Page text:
May 22nd, 2005 | Published in old and busted
I did a lot of fiddling with the design over on PuddingTime! today. pk dropped me some ideas he wanted (3 columns, the return of a few features, tweaks to bylines, new logo), so I did ’em. You can preview the 3 column index right now. Bug reports welcome unless you’re using an old browser or some bizarre 800×600 display. I’ll be providing a “classic” view for people with old and busted software.
Still some changes to make to odd pages on the inside (comment preview, some of the archive pages).
Tomorrow is (finally) “Revenge of the Sith” day for me. I’m going to an early showing (9:10 a.m.) in hopes of beating any crowds that might be left.
Al and I started to watch the 1979 version of “Salem’s Lot”, expanded to 184 minutes. We’re somewhere in the first 90, and I don’t know if I have the will to finish.
People hail it as a classic, and from the point of view of just how elaborate it is for a made-for-tv production, I guess I see their point. It takes a wonderful amount of time setting everything up, so I’m sure fans of the book who sat down with the movie unreconciled to the inevitable cuts a screen adaptation requires felt well served.
The problems are really 75 percent technical: All the nighttime low-light scenes are shot in that horrible ’70s television version of “night,” which is pretty much “daytime on the shady side of a barn.” There are some unintentionally comic special effects. Some of the actors are distractingly awful, and the cast’s notion of a New England accent is mutable, with the accent they’re all not agreeing on occasionally departing one actor and inhabiting another depending on the scene.
It’s not hard to see why Tobe Hooper was attracted to the project. Stephen King’s “product placement” or “domestic realism” horror ran parallel to similar developments in Hollywood. You see it in full bloom in “Close Encounters of the Third Kind,” and Hooper was fully on board by the time he did “Poltergeist,” (which Spielberg wrote, produced, and edited). He just deserved a little more to work with than the video technology of the time and network budgets could give him.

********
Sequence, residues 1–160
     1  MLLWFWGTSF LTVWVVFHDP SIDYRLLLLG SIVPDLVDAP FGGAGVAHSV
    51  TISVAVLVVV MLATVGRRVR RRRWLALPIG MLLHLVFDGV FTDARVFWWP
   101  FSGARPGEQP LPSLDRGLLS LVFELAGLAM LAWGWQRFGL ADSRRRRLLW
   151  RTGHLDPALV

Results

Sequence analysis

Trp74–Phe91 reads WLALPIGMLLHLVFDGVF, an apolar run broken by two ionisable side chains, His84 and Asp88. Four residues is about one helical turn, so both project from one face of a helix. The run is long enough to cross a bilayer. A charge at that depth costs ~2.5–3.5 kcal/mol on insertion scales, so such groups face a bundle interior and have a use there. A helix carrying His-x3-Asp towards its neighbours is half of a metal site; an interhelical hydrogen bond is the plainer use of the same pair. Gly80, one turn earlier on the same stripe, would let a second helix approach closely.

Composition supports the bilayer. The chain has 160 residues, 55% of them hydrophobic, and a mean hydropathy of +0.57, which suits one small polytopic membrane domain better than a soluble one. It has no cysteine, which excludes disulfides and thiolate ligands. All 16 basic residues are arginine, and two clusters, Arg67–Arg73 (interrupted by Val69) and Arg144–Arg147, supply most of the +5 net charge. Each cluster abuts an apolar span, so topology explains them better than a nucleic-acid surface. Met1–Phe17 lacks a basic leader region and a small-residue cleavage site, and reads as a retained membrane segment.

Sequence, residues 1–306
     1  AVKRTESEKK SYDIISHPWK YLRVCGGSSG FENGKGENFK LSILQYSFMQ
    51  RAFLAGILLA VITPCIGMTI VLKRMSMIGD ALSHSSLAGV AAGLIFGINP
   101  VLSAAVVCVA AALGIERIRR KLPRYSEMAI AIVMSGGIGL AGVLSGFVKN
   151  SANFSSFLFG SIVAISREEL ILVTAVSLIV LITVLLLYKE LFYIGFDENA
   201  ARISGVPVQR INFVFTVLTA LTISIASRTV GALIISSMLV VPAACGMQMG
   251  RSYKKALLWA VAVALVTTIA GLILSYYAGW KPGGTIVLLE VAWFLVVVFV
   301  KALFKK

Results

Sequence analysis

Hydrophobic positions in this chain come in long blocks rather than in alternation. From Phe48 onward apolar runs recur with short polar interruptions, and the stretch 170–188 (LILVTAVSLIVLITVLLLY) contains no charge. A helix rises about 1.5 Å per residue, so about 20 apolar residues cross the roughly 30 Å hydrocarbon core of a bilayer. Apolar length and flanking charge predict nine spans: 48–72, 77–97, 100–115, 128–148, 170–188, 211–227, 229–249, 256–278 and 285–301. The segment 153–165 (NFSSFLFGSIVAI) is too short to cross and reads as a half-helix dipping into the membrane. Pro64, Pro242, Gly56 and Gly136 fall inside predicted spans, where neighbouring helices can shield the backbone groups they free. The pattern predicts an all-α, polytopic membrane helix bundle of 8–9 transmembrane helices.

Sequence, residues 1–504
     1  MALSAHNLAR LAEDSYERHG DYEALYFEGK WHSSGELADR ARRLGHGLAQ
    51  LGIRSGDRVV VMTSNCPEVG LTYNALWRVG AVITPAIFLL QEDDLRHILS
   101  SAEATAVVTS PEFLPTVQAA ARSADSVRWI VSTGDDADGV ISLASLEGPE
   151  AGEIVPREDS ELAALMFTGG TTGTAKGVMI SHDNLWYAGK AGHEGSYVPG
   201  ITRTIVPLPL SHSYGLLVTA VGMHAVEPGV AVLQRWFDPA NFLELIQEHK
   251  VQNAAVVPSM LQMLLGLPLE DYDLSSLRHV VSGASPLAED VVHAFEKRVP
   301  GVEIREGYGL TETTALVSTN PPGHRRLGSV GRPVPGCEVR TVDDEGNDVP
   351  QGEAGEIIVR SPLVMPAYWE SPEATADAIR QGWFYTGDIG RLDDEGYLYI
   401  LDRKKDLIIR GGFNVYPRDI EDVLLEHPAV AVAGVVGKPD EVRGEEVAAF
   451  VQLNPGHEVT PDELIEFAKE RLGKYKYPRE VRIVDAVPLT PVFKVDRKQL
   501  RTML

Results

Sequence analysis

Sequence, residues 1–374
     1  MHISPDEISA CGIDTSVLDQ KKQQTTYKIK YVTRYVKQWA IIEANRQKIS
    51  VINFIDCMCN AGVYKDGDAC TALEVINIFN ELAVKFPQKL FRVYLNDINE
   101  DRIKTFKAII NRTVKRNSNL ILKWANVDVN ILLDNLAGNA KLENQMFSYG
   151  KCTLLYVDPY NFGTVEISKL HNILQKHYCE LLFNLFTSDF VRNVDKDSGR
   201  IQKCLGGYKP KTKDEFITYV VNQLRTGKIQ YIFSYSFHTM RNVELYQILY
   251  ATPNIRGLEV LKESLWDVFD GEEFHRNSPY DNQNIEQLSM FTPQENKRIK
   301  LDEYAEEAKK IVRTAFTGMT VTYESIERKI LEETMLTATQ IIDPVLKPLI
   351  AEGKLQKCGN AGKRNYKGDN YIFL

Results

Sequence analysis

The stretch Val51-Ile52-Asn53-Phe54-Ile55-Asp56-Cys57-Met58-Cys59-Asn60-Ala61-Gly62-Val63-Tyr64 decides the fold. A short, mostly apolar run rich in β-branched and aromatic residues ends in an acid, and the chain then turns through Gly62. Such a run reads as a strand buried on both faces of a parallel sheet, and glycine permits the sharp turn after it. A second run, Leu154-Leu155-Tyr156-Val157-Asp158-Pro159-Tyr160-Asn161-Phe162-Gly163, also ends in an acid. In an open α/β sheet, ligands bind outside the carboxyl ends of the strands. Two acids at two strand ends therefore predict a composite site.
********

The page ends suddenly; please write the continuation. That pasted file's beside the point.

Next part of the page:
And it’s not possible to see anything with Fred Willard in it without imagining him saying “He jumped on her like she was made of ham!”
Tie My Shoelaces Together?
“What are they gonna do? Bend my dogtags?”
That’s army-speak for “I’m not afraid of any consequences I might suffer for this action because the matter is too trivial to warrant punishment of any sort.”
I miss that one. I spent a few minutes trying to think of suitable civilian alternatives. “Notch my driver’s license?” or maybe “tell my insurance company?” or perhaps “blog about me?”
Sitting here and listening to the archived version of Wednesday’s Fresh Air, I find myself amazed and re-amazed at guest D. James Kennedy’s capacity to engage in some of the most ham-handed and foolish evasion I’ve ever heard, then turn on a dime and sneer condescendingly when he’s treated like the sophist he is.
I think Terry’s came minorly unhinged. I don’t think she realized that he’s on to the fact she’s a servant of Satan.